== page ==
Nuclear power by country

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The Cattenom Nuclear Power Plant in France. France produces around three quarters of its electricity by nuclear power.[1]
The Grafenrheinfeld Nuclear Power Plant in Germany. Chancellor Angela Merkel's coalition announced on 30 May 2011, that Germany's 14 nuclear power stations will be shut down by 2022, in a policy reversal following Japan's Fukushima Daiichi nuclear disaster.[2]

Nuclear power plants operate in 31 countries. Most are in Europe, Northern America, East Asia and South Asia.

France has the largest share of electricity generated by nuclear power. China has the fastest growing nuclear power program with 28 new reactors under construction,[3] and a considerable number of new reactors are also being built in India, Russia and South Korea. At the same time, at least 100 older and smaller reactors will "most probably be closed over the next 10–15 years".[4]

In 2010, before the Fukushima Daiichi nuclear disaster, it was reported that an average of about 10 nuclear reactors were expected to become operational per year, although according to the World Nuclear Association, of the 17 civilian reactors planned to become operational between 2007 and 2009, only five actually came on stream.[4] As of 2016, Italy closed all of its nuclear stations and Belgium, Germany, Spain, and Switzerland are phasing-out nuclear power while Netherlands, Sweden, and Taiwan have some same intentions. Lithuania and Kazakhstan shut down lone nuclear stations earlier but plan to built new ones instead. Armenia earlier shut down its lone nuclear plant but then started to utilize it again. Austria never started to utilize it s first nuclear plant that was completely built. Due to financial, politic and technical reasons, Cuba, Libya, North Korea, and Poland never completed the construction of their first nuclear plants (but the latter two plan the nuclear stations again) and Australia, Azerbaijan, Georgia, Ghana, Ireland, Kuwait, Oman, Peru, Singapore, and Venezuela never built their planned first nuclear plants.[5][6] Global nuclear electricity generation in 2012 was at its lowest level since 1999.[7][8]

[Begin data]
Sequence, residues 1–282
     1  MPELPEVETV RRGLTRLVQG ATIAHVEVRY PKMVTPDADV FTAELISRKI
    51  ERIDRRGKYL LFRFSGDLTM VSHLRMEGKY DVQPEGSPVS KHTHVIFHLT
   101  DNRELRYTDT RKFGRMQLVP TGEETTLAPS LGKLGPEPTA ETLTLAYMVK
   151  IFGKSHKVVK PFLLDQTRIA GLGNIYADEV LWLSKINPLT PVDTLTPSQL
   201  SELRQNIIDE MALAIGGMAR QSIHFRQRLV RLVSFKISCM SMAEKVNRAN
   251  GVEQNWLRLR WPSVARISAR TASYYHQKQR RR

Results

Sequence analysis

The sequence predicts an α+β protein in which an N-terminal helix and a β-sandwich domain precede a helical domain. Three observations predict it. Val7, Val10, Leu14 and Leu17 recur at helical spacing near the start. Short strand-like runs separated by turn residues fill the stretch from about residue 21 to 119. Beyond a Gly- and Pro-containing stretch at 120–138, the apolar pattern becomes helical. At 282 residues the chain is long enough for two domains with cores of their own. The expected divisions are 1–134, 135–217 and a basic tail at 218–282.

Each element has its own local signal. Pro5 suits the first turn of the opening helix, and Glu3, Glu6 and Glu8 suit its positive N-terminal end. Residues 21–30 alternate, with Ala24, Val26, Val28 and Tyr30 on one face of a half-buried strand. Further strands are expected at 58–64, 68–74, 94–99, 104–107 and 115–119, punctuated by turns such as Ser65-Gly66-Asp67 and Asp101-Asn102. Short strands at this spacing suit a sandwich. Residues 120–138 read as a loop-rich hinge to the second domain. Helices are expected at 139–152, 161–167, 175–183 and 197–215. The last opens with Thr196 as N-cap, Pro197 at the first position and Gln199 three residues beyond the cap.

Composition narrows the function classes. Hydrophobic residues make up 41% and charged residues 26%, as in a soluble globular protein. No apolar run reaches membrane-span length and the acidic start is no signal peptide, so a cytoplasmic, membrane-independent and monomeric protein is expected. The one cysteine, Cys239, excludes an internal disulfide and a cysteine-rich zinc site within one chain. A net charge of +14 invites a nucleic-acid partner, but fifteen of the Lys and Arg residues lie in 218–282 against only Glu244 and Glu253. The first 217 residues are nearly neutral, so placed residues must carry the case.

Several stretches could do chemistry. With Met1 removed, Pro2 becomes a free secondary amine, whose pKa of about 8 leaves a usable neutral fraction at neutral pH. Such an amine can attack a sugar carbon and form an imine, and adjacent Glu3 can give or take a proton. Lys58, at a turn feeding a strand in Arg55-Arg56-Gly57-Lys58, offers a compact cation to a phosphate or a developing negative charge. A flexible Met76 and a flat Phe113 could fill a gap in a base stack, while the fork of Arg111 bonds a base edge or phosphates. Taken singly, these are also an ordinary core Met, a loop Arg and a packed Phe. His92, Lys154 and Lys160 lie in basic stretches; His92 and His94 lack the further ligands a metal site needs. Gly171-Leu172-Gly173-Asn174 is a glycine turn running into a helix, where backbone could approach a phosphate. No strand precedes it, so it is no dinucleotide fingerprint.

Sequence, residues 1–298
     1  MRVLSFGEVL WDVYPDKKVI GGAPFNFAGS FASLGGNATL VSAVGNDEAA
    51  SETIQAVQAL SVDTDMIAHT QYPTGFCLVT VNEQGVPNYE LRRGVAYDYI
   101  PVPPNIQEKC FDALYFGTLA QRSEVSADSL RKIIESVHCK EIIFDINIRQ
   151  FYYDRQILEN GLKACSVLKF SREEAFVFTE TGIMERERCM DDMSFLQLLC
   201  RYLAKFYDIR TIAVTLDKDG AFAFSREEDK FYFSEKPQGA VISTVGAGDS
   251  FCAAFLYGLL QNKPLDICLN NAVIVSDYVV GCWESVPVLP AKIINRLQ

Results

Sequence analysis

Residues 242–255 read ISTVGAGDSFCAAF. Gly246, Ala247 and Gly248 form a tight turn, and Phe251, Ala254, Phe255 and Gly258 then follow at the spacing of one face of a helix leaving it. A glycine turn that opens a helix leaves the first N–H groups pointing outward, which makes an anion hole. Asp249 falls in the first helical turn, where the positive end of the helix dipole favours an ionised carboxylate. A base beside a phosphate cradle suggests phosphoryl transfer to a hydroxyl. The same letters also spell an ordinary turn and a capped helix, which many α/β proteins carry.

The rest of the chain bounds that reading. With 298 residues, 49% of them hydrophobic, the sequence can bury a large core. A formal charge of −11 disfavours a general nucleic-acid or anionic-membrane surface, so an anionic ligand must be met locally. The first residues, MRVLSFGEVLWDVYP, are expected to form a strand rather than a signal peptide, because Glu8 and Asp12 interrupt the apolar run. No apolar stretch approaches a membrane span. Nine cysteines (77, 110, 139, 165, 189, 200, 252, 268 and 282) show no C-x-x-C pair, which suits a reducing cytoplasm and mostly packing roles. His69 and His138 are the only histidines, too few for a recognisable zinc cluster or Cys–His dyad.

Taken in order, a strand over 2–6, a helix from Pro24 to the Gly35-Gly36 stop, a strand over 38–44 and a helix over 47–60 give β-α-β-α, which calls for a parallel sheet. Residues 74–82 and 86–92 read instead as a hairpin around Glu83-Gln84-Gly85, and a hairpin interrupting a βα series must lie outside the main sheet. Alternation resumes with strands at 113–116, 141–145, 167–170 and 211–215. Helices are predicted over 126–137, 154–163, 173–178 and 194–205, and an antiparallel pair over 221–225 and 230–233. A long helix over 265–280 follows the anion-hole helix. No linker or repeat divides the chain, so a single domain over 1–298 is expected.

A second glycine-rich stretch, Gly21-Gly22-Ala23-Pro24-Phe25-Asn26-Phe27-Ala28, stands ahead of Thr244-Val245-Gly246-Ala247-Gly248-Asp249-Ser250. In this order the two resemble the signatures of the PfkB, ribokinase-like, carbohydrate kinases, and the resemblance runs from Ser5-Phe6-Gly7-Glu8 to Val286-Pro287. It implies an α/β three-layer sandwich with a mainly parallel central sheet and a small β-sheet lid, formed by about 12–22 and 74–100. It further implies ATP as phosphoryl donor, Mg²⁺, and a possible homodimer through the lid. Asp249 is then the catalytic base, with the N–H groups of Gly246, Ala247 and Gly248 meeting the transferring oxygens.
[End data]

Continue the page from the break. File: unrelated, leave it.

As of 2011, countries such as Australia, Austria, Denmark, Greece, Ireland, Italy, Latvia, Liechtenstein, Luxembourg, Malaysia, Malta, New Zealand, Norway, Philippines, and Portugal have no nuclear power stations and remain opposed to them.[5][9]

Canadian Bruce Nuclear Generating Station is the largest nuclear power plant now whereas Japanese Kashiwazaki-Kariwa was regarded as such earlier.

Overview[edit]

Of the thirty countries in which nuclear power plants operate, only France, Hungary, Slovakia and Ukraine use them as the source for a majority of electricity, although many other countries have a significant nuclear power generation capacity.[10] According to the World Nuclear Association, a nuclear power advocacy group, over 45 countries are giving "serious consideration" to introducing a nuclear power capability, with Belarus, Iran, Jordan, Turkey, the United Arab Emirates and Vietnam at the forefront.[11] China, India and South Korea are pursuing ambitious expansions of their nuclear power capacities, with China aiming to increase capacity to at least 80 GWe by 2020, 200 GWe by 2030 and 400 GWe by 2050.[12] South Korea plans to expand its nuclear capacity from 20.7 GWe in 2012 to 27.3 GWe in 2020 and to 43 GWe by 2030.[13] India aims to have 14.6 GWe nuclear power generation capacity by 2020 and 63 GWe by 2032 and to have 25% of all electricity supplied by nuclear power by 2050.[14][15]

Nuclear power by Country in 2015[10]
Country Number of
operated reactors
Capacity
Net-total (MWe)
Generated
electricity (GWh)
 %-share of
domestic generation
Algeria Algeria 2 1009 2954.01 0.53%
Argentina Argentina 3 1632 6519.00 4.83%
Armenia Armenia 1 375 2576.00 34.51%
Belgium Belgium 7 5913 24571.70 37.53%